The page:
Erdogan can win by engaging Turkey’s park protesters | Bloomberg
By Hugh Pope
Turkish Prime Minister Recep Tayyip Erdogan has been in tighter spots: He was thrown in jail for alleged Islamism, saw his last political party closed down and survived a showdown with the once all-powerful Turkish military.
Yet the street protests that erupted first in Istanbul and then across the country at the end of last month present a challenge he has never faced before. So far, he has mishandled the situation, and on June 6 showed no sign of backing down. That’s a mistake, because he has the ability to turn the protests to his advantage and the country’s.
Erdogan is Turkey’s most effective leader since the republic’s founder, Mustafa Kemal Ataturk, and much of his success has been based on determination, populist rhetoric and a focus on business. Born into one of Istanbul’s notoriously tough neighborhoods, he is both the unyielding bulldozer of Turkish politics and the fix-it charmer. Almost 50 percent of the population voted for his Justice and Development Party two years ago.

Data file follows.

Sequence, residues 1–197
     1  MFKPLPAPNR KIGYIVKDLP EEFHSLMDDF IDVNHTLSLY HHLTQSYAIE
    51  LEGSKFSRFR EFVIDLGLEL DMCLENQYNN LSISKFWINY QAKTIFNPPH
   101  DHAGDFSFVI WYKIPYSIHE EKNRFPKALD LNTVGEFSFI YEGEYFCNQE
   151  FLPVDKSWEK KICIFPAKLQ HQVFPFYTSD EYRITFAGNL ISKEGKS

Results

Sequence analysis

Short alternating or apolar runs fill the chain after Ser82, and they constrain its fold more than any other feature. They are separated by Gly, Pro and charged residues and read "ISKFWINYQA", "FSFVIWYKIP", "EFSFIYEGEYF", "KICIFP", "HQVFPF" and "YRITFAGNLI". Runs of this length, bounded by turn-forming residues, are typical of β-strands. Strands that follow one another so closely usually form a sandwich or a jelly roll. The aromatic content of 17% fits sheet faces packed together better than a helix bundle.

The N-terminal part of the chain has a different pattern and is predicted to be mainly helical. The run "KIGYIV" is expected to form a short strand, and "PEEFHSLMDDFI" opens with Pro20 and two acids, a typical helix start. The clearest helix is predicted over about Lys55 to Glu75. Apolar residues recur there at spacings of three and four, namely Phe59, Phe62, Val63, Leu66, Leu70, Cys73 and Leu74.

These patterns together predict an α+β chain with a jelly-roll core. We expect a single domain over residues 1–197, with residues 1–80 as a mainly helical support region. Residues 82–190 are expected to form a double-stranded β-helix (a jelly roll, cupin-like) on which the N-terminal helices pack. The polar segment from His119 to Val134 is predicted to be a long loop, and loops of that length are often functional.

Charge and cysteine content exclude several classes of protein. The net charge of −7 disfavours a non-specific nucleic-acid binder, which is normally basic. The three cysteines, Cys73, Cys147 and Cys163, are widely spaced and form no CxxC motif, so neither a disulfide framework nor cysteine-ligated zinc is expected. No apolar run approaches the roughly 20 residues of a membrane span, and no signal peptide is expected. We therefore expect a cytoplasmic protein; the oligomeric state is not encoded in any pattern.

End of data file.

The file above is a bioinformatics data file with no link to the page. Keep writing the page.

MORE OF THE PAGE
What is happening in Turkey today is mostly about the other 50 percent of the country’s 76 million people. An opinion poll by academics at Istanbul’s Bilgi University found that 70 percent of the protesters had no strong political affiliation. The protests have been full of humor, volunteer enthusiasm, modern women, celebrities and bands of idealistic children skipping school. For the first week, the crowds were leaderless, the only things uniting them being social-media networks and a common slogan: “Tayyip, resign!”